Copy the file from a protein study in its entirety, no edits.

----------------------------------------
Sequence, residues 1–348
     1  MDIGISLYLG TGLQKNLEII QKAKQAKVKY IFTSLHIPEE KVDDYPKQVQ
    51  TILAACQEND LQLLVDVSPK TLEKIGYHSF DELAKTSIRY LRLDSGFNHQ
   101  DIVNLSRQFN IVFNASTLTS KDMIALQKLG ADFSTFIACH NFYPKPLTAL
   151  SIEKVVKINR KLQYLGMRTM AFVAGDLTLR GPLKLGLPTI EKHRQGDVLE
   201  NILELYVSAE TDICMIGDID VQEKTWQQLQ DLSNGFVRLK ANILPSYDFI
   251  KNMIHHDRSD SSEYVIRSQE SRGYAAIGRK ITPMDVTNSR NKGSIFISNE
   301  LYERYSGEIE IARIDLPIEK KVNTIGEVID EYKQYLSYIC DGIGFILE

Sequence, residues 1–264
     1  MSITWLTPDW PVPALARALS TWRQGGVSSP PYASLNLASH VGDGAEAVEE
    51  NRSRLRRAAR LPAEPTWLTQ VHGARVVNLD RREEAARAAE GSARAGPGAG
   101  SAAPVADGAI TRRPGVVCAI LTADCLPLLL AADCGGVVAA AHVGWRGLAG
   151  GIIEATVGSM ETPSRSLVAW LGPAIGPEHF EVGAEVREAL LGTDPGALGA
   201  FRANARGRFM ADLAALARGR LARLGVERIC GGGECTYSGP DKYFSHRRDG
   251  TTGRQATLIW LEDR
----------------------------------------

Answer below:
Sequence, residues 1–348
     1  MDIGISLYLG TGLQKNLEII QKAKQAKVKY IFTSLHIPEE KVDDYPKQVQ
    51  TILAACQEND LQLLVDVSPK TLEKIGYHSF DELAKTSIRY LRLDSGFNHQ
   101  DIVNLSRQFN IVFNASTLTS KDMIALQKLG ADFSTFIACH NFYPKPLTAL
   151  SIEKVVKINR KLQYLGMRTM AFVAGDLTLR GPLKLGLPTI EKHRQGDVLE
   201  NILELYVSAE TDICMIGDID VQEKTWQQLQ DLSNGFVRLK ANILPSYDFI
   251  KNMIHHDRSD SSEYVIRSQE SRGYAAIGRK ITPMDVTNSR NKGSIFISNE
   301  LYERYSGEIE IARIDLPIEK KVNTIGEVID EYKQYLSYIC DGIGFILE

Sequence, residues 1–264
     1  MSITWLTPDW PVPALARALS TWRQGGVSSP PYASLNLASH VGDGAEAVEE
    51  NRSRLRRAAR LPAEPTWLTQ VHGARVVNLD RREEAARAAE GSARAGPGAG
   101  SAAPVADGAI TRRPGVVCAI LTADCLPLLL AADCGGVVAA AHVGWRGLAG
   151  GIIEATVGSM ETPSRSLVAW LGPAIGPEHF EVGAEVREAL LGTDPGALGA
   201  FRANARGRFM ADLAALARGR LARLGVERIC GGGECTYSGP DKYFSHRRDG
   251  TTGRQATLIW LEDR